July 10, 2019
by: AIA New York
Phil Freelon, FAIA, LEED AP, speaking at the Center for Architecture in 2017 for Revisiting Whitney Young: Diversity Today.
Phil Freelon, FAIA, LEED AP, speaking at the Center for Architecture in 2017 for Revisiting Whitney Young: Diversity Today.

Phil Freelon, FAIA, LEED AP, widely known as one of the leading architects behind the National Museum of African American History and Culture in Washington, DC, has died at the age of 66. Three years ago, he had been diagnosed with the neurodegenerative disease amyotrophic lateral sclerosis, or ALS. Despite his diagnosis, Freelon spoke with great energy at the Center for Architecture in 2017 as part of the AIANY Diversity and Inclusion Committee’s panel Revisiting Whitney Young: Diversity Today.

As reported by CNN, Freelon’s family shared that a memorial service will be planned for the architect in the fall. “In lieu of flowers, Phil has asked that those who want to honor his legacy become sustaining donors of Northstar Church of the Arts, so that the same creative and spiritual energies that nurtured him throughout his life, may positively impact others, especially in his adopted home of Durham, North Carolina,” the post says.

“We lost a great American architect,” says Benjamin Prosky, Assoc. AIA, Executive Director, AIA New York and the Center for Architecture. “Tragically too young to pass, and while still in his prime, during his influential career Phil Freelon was a design visionary, as well as a great teacher, mentor and inspiration to many,” adds Prosky.

Freelon was the founder and President of The Freelon Group, Inc., which joined forces with Perkins+Will in 2014. Freelon guided the firm’s museum and cultural center work while managing its North Carolina practice. He led multi-faceted design teams on museum projects in Washington, DC; Baltimore, MD; San Francisco, CA; Philadelphia, PA; Atlanta and Augusta, GA; and Greensboro and Charlotte, NC.

Freelon’s work has been published in national professional journals including Architecture, Progressive Architecture, Architectural Record, and Contract magazine, where he was named Designer of the Year in 2008. Metropolis, Metropolitan Home, and the New York Times have also featured Freelon and the firm.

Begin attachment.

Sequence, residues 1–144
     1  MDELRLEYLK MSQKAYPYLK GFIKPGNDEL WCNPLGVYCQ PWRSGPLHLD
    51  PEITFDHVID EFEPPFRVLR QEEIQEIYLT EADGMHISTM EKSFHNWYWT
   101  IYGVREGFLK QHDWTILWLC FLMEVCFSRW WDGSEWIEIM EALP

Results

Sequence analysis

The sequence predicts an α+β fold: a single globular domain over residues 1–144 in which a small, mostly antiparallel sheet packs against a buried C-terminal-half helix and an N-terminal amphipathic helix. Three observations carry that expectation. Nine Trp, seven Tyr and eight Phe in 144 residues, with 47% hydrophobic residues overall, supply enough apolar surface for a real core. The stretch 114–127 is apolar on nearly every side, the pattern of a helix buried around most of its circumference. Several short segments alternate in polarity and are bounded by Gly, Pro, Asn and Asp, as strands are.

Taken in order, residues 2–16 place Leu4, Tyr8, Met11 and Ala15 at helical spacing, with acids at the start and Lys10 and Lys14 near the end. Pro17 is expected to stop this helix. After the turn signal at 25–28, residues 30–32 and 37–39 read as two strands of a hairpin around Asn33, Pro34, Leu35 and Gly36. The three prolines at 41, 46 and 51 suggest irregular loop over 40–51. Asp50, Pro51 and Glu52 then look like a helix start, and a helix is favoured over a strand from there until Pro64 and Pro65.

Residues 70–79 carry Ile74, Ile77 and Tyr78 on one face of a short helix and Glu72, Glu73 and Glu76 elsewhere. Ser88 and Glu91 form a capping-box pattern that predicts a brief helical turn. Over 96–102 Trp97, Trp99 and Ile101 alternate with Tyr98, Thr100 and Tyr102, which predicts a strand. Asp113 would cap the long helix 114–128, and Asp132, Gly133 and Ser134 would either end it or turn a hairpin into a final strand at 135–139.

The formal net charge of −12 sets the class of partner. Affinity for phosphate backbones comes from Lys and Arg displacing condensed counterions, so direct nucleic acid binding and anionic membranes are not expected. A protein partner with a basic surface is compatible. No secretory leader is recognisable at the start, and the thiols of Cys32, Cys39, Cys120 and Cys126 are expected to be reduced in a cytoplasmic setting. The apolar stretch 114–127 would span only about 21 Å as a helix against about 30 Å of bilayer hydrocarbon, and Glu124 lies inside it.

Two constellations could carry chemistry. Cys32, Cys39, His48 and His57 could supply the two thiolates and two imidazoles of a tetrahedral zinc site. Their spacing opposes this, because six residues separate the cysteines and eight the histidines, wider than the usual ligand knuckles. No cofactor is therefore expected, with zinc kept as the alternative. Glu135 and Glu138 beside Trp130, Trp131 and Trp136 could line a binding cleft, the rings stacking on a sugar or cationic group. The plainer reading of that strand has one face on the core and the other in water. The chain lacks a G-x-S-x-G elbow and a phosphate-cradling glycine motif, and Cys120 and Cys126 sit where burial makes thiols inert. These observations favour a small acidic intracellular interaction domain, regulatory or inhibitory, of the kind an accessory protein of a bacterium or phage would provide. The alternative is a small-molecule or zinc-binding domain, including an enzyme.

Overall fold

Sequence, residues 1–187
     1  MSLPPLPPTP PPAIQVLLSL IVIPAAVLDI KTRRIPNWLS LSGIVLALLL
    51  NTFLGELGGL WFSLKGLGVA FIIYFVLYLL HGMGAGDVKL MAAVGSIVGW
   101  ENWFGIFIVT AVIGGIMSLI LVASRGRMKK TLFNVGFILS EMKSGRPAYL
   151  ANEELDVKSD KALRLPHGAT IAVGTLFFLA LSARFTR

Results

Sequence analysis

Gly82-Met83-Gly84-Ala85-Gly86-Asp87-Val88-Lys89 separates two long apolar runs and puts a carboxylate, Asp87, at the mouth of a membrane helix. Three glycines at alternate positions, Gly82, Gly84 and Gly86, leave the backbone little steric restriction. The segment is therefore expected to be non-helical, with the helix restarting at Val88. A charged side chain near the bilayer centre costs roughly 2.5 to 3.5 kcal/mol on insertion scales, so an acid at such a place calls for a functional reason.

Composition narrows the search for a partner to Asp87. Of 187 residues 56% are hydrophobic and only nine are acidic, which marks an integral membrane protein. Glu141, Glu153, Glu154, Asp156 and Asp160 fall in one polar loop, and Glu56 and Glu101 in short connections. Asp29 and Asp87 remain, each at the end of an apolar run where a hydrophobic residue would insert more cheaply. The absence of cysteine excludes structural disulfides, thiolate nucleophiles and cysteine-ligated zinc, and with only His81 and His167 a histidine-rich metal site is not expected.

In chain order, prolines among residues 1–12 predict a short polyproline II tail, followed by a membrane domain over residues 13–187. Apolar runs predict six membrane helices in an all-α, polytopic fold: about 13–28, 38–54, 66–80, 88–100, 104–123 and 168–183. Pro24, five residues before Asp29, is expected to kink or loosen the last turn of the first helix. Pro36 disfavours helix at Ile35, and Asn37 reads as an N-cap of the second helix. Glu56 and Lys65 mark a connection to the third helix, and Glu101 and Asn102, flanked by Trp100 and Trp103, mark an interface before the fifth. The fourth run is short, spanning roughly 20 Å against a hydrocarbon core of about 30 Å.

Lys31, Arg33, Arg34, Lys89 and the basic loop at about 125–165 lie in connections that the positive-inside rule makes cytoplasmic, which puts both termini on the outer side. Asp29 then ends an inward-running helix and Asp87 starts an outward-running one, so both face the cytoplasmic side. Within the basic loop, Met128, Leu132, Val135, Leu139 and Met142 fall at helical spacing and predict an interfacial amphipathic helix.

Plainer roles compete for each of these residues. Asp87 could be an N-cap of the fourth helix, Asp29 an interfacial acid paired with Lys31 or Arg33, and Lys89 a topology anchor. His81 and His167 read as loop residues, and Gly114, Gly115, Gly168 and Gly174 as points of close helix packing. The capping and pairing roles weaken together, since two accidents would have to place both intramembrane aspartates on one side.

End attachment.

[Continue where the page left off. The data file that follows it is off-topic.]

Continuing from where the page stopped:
A native of Philadelphia, PA, Freelon earned his Bachelor of Environmental Design degree in Architecture from North Carolina State University and his Master of Architecture degree from MIT. He also received a Loeb Fellowship and spent a year of independent study at the Harvard University Graduate School of Design. Freelon served as an adjunct faculty member at North Carolina State University’s College of Design and was a visiting critic/lecturer at Harvard, MIT, the University of Maryland, Syracuse University, Auburn University, the University of Utah, the California College of the Arts, Kent State University, and the New Jersey Institute of Technology, among others.

Most recently, Freelon was on the faculty at MIT’s School of Architecture and Planning. He was a Peer Professional for the GSA’s Design Excellence Program and had served on numerous design award juries, including the AIA Institute Honor Awards jury and the National Endowment for the Arts Design Stewardship Panel. Freelon was a Fellow of the American Institute of Architects, a LEED Accredited Professional, and the 2009 recipient of the AIA Thomas Jefferson Award for Public Architecture.

Freelon’s legacy will certainly live on through his work and through the architects he mentored throughout his profession. Among them, we will welcome design leader, strategist, educator, and mentor Zena Howard, FAIA, Principal, Perkins+Will, to the Center for Architecture later this year as the honored speaker at the 2019 J. Max Bond Jr. Lecture on October 16, 2019 (register here). A graduate of University of Virginia, Howard was mentored by Phil Freelon in conjunction with her role in the National Museum of African American History and Culture.


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